I spent a couple of hours lamenting over my unfortunate fate of being declared at fault for the car accident. To say that I was stressed out is the very least—I was absolutely devastated because my sister and my eye witness both believe that it was not my fault either. But after consulting with multiple lawyers, they apologetically said that there was not much that they could do for me and it really is a sad moment when you realize that your hope in humanity and justice has hit a new low. I felt hopeless and helpless; I cried about how disappointingly unfair life has been to me and my family throughout my almost twenty-one years on Earth. Painful memories began to swallow me and once again I uttered these words to myself: “anything is better than this.”
But how completely ignorant I was. Within the same day I snapped out of feeling sorry for my little ol’ self. My Logos grabbed my Pathos up from the floor by its suspenders and gave it a good old-fashioned wake-up slap on the face. As I thought about every negative event that has happened in my life, I realized how much goodness came out of each. Of course, it is never easy to see the silver lining when the storm comes rolling in and washes away everything that you’ve worked hard for, but after the whole fiasco, the rainbow is plain to see.
All in all, these struggles have humbled my family and me, and will continue to humble me throughout the days of my sweet life. I firmly believe that the lesson that God wants to teach me after this accident is to stop spending money before I lose my sense of self by becoming a materialistic person—someone that I’ve always been proud of not being. I will admit that I have spent more than I ever have in 2014, and I owe it all to my jobs. It was nice to be able to pay for all my bills, school, gas, and still have leftover money to spoil myself, my family, and my dearest friends. My lifestyle in 2014 was very different from what it was in 2009 when spending five dollars a week was already excessive, and even more different from 2002 when I would look in the crevices of grocery store check-outs and sidewalk gutters to collect change for my little cigar box makeshift-bank, which accumulated to five dollars and something cents in a year—it was quite a thrill. However, this past year, eating out was affordable, monthly retail therapy was possible, and God forbid the amount of money I lost every time I walked out of a Target. Having a car meant more adventures, and most of the time, adventures meant spending, and I laughed at the old days of when I would ride the bus, having to wake up at 5 every morning in high school just to make it in time. Ha, never again, I’d say.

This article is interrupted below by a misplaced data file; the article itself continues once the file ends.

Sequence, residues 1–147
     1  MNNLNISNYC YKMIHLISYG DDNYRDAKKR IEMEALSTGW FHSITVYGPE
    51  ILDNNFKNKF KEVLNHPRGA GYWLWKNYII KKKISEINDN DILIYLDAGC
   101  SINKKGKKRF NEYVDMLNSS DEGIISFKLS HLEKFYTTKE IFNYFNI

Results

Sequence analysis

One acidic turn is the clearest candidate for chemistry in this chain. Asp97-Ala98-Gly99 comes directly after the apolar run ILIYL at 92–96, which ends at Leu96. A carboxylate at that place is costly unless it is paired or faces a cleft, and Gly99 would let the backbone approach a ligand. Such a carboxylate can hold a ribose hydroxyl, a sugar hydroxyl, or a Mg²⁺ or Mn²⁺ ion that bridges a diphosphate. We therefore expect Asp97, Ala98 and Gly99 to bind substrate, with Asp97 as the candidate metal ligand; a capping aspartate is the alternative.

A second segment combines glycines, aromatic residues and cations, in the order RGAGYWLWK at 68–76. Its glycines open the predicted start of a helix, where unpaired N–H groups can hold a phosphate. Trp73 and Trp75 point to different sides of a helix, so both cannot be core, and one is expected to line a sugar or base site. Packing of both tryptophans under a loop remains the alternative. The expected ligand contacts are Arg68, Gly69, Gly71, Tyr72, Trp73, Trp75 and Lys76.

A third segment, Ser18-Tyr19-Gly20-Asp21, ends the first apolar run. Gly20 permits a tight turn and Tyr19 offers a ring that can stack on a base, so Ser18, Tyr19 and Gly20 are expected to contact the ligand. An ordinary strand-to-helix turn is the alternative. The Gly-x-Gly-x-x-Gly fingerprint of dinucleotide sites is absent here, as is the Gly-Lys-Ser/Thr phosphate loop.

Well, look at me now. It’s 2015 and I’m eating my words. I don’t even think I have enough money saved up to pay for the other person’s car damages, let alone mine. I literally cannot spend any more money on food, gas, and clothes. Just thinking about how I’m going to pay for laundry next semester makes me queasy. I won’t be able to send any gifts to my friends on their birthdays, and what a year for this to happen… their 21st. And there goes my lobster (I told myself I’m going to try lobster for the first time on my birthday this year), my Vegas/Chicago trips with Dabbie, and catching up with everybody before I go back to HNU. I’m going to have to revert to my middle school way of life.
But you know what? It’s okay. I am completely at peace with the whole concept of frugality because that is how I grew up. We really did make our way from the very bottom rung of the ladder. I learned to save from a very young age and to appreciate the things in life that do not have price tags. If they are true to me, then my friends will understand my absence and my lack of presents. It’s kind of comical, because the whole time that I was saving up money in the bank, I would constantly wonder what it was for. Some kind of emergency? A down payment for my first, own car? Backpacking? And I think God answered my question—it was all for this accident, which humbled me and taught me to appreciate being alive. It’s as if He shook me, handed me a mirror and said, “Look here: who are you and what are you becoming? This isn’t who you are. You’ve had your fun, but it’s time to be yourself again.” Life was so much better back then when things were simple and I didn’t have to worry about so many monetary responsibilities. Now, I can open my eyes again and see the priceless moments that I missed out on when I was blinded by social standards. There really isn’t anything to complain about, aside from being a coward behind the wheel once more, and that won’t be a problem if I do move to San Francisco because of the vast public transportation system that support the flux of people in the city.
…Which brings me back to my aspirations in life and my future goals. Ten years from now, I see myself with my life together—not wealthy, but not necessarily struggling paycheck-to-paycheck, with beauty all around me in the forms of people and ambiance. I picture myself finally being “home;” it didn’t hit me until now that perhaps my ultimate personal goal is to find what home is for myself. The possibilities are exciting. But on top of it all, I see myself smiling, like I’ve got a song in my heart… and I know it’s because I’ll finally be a true woman of God by then, with someone who inspires me to constantly seek a closer relationship with Him. It’s all too wonderful envisioning the good life ahead of me.
I am very thankful to have the cognitive ability to turn a misfortune into a positive experience. Every single day of my life, God gives me a little slice of humble pie and says, “Try this, my own recipe… it’ll be good for you.”
“God gives his toughest battles to His strongest soldiers.”